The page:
Swiss franc (CHF) per U.S. dollar -
Standard & Poor's credit rating for Switzerland stands at AAA. Moody's rating for Switzerland sovereign debt is Aaa. Fitch's credit rating for Switzerland is AAA.
Update On SRLEV N.V.
We first reviewed SRLEV N.V., which provides insurance services in the Netherlands, in April of last year, and then again in September. Operating as a subsidiary of REAAL Verzekeringen N.V., the insurance division of SNS REAAL N.V. (OTC:SNREF), SRLEV N.V. is one of the crown jewels for cash generation within the parent company's large and troubled property financing portfolio. SNS Reaal is the fourth largest Dutch financial after Rabbobank Group, ING Groep N.V. (ING) and ABN Amro Group.
In the first half of 2011, SRLEV, the legal entity comprising most of the life Insurance activities of SNS REAAL, successfully placed €400 million of 30-year Tier 2 notes and CHF105 million of perpetual subordinated notes. These transactions were part of the capital management of SRLEV, and were related to the replacement of internal funding by external funding, a significant portion of which were to the Dutch government. The Supervisory Boards of SNS Bank NV, REAAL NV and SRLEV NV are composed of the same individuals as the Supervisory Board of SNS REAAL.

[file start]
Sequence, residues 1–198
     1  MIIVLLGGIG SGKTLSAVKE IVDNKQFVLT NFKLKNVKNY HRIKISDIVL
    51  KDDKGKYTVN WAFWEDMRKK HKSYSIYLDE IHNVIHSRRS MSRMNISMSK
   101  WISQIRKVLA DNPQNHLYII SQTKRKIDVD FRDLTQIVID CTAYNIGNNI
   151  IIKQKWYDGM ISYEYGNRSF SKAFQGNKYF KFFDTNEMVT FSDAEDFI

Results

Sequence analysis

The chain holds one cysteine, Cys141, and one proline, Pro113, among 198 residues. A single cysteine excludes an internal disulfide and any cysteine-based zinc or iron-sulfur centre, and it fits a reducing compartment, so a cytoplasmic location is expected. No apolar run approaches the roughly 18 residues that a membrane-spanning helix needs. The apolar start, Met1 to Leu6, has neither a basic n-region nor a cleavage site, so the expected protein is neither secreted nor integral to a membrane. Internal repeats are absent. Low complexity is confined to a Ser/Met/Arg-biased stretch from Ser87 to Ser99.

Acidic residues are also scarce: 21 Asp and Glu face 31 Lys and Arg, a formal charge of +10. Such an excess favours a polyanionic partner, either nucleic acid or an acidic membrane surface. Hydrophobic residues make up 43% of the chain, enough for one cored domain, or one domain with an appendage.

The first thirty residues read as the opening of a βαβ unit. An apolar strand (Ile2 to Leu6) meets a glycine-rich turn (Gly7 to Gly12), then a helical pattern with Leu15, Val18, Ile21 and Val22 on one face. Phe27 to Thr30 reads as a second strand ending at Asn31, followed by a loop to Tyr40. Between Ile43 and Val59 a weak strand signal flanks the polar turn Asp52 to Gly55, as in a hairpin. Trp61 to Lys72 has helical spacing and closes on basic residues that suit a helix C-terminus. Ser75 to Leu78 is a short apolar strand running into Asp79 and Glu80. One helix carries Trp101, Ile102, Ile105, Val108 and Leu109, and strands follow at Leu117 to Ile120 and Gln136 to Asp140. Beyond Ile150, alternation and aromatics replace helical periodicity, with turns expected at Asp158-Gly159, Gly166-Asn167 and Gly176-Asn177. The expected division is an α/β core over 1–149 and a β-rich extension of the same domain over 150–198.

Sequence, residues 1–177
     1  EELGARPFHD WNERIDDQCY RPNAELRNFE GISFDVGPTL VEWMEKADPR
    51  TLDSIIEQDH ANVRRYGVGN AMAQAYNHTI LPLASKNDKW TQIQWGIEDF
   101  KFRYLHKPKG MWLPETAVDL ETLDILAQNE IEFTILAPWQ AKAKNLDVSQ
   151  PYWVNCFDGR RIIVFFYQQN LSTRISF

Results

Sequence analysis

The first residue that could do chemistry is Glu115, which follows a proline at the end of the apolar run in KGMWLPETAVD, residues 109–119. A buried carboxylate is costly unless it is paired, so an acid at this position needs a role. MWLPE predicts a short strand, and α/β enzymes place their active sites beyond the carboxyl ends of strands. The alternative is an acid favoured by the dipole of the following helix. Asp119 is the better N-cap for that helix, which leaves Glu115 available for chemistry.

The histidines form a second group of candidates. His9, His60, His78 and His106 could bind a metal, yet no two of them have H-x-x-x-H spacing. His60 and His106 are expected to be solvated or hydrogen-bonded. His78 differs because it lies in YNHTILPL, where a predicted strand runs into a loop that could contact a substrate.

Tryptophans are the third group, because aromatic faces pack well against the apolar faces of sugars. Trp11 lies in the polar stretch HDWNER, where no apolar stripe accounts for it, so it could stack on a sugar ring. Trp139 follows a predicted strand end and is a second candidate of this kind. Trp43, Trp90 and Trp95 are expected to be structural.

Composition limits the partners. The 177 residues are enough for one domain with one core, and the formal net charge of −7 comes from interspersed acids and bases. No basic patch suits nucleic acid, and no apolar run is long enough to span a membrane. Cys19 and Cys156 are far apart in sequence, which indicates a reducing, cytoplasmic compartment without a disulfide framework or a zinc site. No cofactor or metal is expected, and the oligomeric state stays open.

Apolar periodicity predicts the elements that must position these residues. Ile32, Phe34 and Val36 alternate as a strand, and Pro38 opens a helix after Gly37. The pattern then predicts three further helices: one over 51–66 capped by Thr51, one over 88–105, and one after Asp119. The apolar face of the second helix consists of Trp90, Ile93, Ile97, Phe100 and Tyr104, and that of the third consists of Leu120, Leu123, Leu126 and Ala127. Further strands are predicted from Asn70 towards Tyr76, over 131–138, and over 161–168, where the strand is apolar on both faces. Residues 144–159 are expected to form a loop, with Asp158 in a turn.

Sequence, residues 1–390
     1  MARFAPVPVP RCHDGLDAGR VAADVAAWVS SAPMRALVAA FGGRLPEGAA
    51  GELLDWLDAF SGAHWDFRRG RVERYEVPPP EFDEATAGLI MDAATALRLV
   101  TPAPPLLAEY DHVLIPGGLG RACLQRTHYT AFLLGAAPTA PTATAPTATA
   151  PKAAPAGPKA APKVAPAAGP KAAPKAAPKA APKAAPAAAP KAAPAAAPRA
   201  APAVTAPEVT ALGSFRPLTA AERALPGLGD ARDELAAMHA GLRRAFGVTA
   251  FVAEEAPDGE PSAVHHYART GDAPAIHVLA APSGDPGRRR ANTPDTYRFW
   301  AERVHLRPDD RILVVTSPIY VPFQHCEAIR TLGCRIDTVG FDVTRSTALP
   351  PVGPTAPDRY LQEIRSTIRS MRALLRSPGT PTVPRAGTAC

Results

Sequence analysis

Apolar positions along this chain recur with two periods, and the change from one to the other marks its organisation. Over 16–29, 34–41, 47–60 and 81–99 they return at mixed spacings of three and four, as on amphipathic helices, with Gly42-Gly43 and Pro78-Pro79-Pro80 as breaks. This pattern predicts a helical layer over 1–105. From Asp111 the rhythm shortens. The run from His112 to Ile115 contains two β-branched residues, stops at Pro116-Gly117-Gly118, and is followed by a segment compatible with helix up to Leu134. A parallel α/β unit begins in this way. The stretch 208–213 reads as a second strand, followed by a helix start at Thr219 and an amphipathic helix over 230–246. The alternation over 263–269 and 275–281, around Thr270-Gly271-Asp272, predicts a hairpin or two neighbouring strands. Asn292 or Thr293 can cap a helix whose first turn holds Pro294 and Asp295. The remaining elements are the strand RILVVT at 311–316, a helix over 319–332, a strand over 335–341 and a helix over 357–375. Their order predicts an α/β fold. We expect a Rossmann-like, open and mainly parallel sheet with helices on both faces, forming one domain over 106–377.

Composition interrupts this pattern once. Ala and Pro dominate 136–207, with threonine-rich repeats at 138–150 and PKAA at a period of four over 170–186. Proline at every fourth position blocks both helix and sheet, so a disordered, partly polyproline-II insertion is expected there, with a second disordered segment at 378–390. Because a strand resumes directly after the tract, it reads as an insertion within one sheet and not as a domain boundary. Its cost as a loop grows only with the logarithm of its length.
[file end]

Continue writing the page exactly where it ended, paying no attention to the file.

While Moody's initially rated these bonds at Baa3, most aspects of SRLEV's Insurance Financial Strength rating scorecard (including market position and brand, product focus and diversification, asset quality, capital adequacy, liquidity and ALM, reserve adequacy, and financial flexibility) all received the higher A rating. However, Moody's is quoted as saying:
"The rating agency notes that although the insurance operations are increasingly financed autonomously through direct issuances from SRLEV N.V., the financial flexibility of SNS REAAL's insurance operations remains intrinsically linked to the Group and the banking operations' financial flexibility. In stress scenarios, Moody's also believes that any potential weakening of SNS REAAL's banking operations would further constrain the financial flexibility of the Group and its insurance operations.